The Business School Matchmaking Entrepreneurship MBAs and Inventors

 Find out how HEC's MBA in Entrepreneurship program helped Cécile Villette go from engineer to startup CEO and co-founder

This article is sponsored by HEC Paris. Learn more about its MBA in Entrepreneurship program here.


If only there were a simple, letterbox-sized handbook that could guide a business and its owner from inception to full-fledged reality – a digestible A-Z to entrepreneurial success. Granted, the making of a good entrepreneur is hard to pin down. Some fundamentals can be textbook taught – the skills, knowledge and behaviors that tend to define the most successful business leaders. Theory without practice, however, yields poor results.

Conversely, what if you were not only taught the skills and given a framework to help your business idea to succeed, but you were also offered the idea in the first place?

This is the story of Cécile Villette, formerly a telecommunications engineer, manager and senior consultant, now CEO and founder of a flourishing tech startup called AltaRoad. Villette reveals that, had she not opted to do the MBA in Entrepreneurship at HEC Paris, AltaRoad might never have come to fruition.

 Changing track: from engineer to CEO and founder

Discover how Cécile Villette became a CEO and founder of a flourishing startupVillette had accumulated 10 years of consulting experience by the time she applied to the HEC Paris MBA. "While I learned a tremendous amount, I had spent more time in consulting than I expected,” she explains. “I wanted to do something that was more meaningful to me, not just meaningful to the companies I was working for.” Starting a business presented itself as a way to realize a career with greater meaning, while a colleague at UNICEF suggested an MBA might help her make the next step. A specialization in entrepreneurship seemed logical.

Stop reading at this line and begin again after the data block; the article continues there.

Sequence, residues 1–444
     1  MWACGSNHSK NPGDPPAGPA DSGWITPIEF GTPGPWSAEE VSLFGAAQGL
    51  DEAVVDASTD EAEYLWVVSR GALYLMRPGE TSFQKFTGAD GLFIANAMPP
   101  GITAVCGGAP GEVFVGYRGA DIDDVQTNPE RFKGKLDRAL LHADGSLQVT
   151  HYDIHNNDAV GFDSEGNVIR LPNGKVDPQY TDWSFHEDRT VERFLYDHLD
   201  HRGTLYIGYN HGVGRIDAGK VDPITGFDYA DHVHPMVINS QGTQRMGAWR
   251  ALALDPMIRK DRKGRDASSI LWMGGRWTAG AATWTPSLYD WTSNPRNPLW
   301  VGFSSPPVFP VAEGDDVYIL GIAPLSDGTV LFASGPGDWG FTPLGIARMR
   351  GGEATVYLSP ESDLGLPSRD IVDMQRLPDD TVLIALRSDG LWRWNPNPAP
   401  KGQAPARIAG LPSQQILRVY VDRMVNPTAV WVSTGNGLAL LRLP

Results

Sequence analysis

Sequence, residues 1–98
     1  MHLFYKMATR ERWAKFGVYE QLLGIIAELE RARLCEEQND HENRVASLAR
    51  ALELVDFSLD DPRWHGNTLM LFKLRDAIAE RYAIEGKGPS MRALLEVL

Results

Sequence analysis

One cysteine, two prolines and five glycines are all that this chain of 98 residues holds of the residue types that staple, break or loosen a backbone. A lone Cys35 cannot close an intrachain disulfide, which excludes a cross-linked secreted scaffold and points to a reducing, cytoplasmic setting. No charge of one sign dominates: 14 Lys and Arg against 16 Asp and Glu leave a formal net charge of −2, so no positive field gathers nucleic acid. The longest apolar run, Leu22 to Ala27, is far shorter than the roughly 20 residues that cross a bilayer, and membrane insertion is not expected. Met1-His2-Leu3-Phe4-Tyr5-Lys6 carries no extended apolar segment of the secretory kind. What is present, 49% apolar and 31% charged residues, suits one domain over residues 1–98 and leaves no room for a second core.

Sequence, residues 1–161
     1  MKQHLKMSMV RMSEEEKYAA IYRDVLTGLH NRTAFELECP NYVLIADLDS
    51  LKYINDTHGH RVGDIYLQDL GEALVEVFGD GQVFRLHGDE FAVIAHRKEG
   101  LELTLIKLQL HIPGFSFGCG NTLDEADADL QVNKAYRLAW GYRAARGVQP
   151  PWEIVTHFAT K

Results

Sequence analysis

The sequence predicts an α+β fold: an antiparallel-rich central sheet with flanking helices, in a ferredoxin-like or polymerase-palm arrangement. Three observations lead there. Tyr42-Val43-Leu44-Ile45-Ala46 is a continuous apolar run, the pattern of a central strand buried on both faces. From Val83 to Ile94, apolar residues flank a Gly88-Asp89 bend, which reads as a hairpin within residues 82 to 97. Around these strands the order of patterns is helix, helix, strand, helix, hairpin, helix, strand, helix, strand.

Sorting through business school options, HEC Paris quickly stood out as a favorite. "There are other MBA programs in entrepreneurship, but not many that offer a real project and match you with inventors who offer genuine technologies."

She didn’t know it yet, but Villette was en route to setting up AltaRoad.

 

HEC Paris: supporting MBA students on real ventures

There are two parts to the 16-month-long MBA in entrepreneurship at HEC; the requisite core courses (delivered over eight months) that teach the fundamentals of management, followed by the unpacking of the key skills and ideas that are the basis of any entrepreneurial endeavor. In other words, 'the real project' that Villette was seeking.

HEC Paris' high-tech entrepreneurship/electronic lab (e-Lab) was the scene for the beginning of Villette's startup journey. Villette’s assigned team included a Canadian, a Spaniard and a Peruvian. Her ambitions were somewhat different to the rest of the group, however: "I was the only one who wanted to take this, not as a graduation project, but as a real venture that would go beyond being an exercise only. Others in the group wanted to launch their own projects back home," she confides.

Groups assigned, inventors were invited to pitch their technologies. "I think there were 40 scientists and in the end there were six projects. It was quite challenging to find agreement between the groups on which projects to take forward. What helped was if one person was really convinced and wanted to take the lead."